Also, I was at the game last night and there was a possession where he got the offensive board inside the low block and instead of going up hard and throwing it down, he saw contact coming and laid it up. Because he was worried about the contact he missed it and I believe boozed came up with the rebound on the other side. Pacers and hibbert have to figure out something for him.

  • Alex Yovanovich


    Unfortunately, having Roy Hibbert concentrate on being a defender is not going to cut it. He is not a good defender. Hibbert often gets himself in bad defensive position and then commits fouls that he shouldn’t because he cannot recover quickly enough. He has improved in this area from his rookie year, but he is still a liability on the defensive end of the floor. He blocks shots and that’s about it. He has to be a low post scorer to be effective or he should not be resigned.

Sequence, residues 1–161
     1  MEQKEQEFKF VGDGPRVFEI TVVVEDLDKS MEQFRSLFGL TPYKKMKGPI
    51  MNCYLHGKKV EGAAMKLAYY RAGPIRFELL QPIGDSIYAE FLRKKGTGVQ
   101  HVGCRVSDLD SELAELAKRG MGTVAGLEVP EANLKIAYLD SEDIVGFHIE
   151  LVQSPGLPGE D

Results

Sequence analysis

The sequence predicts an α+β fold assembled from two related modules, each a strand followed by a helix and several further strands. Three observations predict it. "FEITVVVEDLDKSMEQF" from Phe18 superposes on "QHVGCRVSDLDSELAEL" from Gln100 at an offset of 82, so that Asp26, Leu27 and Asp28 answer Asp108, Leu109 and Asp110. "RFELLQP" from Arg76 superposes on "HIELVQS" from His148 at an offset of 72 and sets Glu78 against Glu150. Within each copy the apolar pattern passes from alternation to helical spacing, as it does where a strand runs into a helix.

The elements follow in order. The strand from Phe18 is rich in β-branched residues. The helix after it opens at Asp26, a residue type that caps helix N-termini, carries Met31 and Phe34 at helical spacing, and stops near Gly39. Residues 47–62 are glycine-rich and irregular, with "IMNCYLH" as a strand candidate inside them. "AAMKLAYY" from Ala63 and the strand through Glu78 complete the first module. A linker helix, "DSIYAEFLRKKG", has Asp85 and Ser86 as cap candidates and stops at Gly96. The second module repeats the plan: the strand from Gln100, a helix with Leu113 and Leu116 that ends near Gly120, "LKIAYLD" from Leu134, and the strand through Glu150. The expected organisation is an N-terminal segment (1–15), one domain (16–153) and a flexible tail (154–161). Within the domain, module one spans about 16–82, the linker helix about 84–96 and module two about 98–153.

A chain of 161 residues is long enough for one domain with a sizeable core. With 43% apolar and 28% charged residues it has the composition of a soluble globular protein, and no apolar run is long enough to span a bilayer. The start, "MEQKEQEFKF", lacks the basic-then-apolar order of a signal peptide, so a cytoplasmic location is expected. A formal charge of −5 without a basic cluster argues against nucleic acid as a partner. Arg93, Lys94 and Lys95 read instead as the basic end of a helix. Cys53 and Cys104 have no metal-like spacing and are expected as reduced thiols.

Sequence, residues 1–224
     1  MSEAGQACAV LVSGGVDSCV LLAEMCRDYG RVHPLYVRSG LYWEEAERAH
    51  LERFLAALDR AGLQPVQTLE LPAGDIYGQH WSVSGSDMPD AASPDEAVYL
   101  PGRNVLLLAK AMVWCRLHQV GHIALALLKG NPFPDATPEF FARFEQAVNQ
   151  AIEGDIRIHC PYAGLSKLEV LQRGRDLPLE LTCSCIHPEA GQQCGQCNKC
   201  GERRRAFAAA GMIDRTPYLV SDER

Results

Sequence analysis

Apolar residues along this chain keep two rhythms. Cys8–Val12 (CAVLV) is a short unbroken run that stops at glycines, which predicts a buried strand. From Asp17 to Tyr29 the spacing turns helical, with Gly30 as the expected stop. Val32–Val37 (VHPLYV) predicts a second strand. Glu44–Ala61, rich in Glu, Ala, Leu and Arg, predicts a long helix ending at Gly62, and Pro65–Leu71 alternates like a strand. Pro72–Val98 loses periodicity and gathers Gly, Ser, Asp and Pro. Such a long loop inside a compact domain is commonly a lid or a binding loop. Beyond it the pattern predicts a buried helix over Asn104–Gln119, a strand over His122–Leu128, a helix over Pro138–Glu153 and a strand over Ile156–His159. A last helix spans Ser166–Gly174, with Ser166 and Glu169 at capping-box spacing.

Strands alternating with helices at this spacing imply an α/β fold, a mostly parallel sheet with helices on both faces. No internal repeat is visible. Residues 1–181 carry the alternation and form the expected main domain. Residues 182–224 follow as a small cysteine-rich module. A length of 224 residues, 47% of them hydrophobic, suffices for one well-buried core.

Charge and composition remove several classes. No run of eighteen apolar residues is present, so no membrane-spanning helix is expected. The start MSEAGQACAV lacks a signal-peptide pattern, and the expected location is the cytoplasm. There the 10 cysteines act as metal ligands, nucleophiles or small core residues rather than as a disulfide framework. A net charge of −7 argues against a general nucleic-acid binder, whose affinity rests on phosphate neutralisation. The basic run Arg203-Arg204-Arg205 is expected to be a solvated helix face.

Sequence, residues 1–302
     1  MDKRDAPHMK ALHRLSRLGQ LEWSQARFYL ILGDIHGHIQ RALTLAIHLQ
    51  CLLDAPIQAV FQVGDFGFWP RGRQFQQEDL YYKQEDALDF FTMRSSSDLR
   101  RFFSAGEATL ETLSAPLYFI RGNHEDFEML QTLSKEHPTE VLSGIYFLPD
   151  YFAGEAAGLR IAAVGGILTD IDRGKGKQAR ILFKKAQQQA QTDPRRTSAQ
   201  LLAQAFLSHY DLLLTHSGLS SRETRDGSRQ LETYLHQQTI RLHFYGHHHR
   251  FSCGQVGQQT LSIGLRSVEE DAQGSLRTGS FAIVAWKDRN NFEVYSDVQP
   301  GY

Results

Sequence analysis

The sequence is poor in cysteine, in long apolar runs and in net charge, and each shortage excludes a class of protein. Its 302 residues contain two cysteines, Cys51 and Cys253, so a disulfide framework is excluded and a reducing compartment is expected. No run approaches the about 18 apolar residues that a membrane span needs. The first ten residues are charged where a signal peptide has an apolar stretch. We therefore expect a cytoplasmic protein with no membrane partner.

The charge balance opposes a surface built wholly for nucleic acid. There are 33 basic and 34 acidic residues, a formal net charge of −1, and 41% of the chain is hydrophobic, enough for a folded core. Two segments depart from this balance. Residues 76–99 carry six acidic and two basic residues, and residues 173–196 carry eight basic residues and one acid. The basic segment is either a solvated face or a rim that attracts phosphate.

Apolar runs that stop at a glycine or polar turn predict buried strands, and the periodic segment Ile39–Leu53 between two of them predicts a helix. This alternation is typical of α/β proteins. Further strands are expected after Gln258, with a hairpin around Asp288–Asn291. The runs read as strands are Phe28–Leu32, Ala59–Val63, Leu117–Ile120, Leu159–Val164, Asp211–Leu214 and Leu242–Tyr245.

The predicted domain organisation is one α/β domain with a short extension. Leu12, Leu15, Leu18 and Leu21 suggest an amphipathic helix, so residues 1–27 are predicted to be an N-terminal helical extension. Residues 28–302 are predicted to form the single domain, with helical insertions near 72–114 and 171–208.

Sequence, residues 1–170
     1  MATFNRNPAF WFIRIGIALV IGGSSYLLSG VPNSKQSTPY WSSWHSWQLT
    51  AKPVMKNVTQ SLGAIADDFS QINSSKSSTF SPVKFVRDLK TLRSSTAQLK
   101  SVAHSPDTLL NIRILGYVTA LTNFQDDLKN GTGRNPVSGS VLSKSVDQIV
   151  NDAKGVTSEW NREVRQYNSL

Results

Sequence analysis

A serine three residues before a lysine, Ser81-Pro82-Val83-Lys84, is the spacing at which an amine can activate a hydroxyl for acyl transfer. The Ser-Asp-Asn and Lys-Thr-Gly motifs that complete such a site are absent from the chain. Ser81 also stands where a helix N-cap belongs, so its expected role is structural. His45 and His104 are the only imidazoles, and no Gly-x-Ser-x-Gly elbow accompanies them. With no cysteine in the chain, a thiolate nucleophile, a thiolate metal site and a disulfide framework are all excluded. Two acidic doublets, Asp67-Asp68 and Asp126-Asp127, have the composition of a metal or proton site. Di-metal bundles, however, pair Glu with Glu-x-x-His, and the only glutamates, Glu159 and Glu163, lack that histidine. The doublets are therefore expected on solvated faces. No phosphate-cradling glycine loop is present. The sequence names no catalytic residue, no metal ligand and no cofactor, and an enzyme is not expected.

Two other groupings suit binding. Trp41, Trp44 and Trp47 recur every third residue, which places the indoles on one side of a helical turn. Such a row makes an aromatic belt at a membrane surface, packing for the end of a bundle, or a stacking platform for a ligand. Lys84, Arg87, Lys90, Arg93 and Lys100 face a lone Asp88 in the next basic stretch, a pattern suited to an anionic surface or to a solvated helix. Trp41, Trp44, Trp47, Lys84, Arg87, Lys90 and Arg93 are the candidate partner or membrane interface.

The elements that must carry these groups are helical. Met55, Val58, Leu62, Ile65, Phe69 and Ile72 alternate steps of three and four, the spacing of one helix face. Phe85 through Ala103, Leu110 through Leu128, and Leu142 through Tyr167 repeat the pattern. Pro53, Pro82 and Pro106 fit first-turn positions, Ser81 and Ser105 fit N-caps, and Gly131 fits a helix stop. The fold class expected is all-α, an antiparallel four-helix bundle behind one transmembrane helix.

Take a look at game three. The Pacers were far better off at the defensive end with the Jeff Foster-Tyler Hansbrough combination than with the Hibbert-Hansbrough combination. Why was that? Foster’s a much, much better defender than Hibbert.

    You could go out and get a starting power forward and bring Hansbrough off the bench as a sixth man, but that doesn’t fix the problem of having a center who is not going to be your low post scorer. Hibbert can’t play the high post nearly as well as Hansbrough. All you would have is a new power forward who could post up and a center with no defined role. I don’t see how that makes the team better. Besides, Hibbert’s own comments show that he believes he is the low post scorer on this team… even if he doesn’t execute that role very well.

    If you were going to trade Danny Granger, you better get a star in his place, because he’s the best thing the Pacers have going offensively. He’s not a one-on-one creator for late game heroics and he does force shots sometimes. However, if he’s not the number one option, he’s still far more valuable than anyone else on the current roster. Granger is the best outside scorer on this team. There’s no one on the Pacers that can replace that role.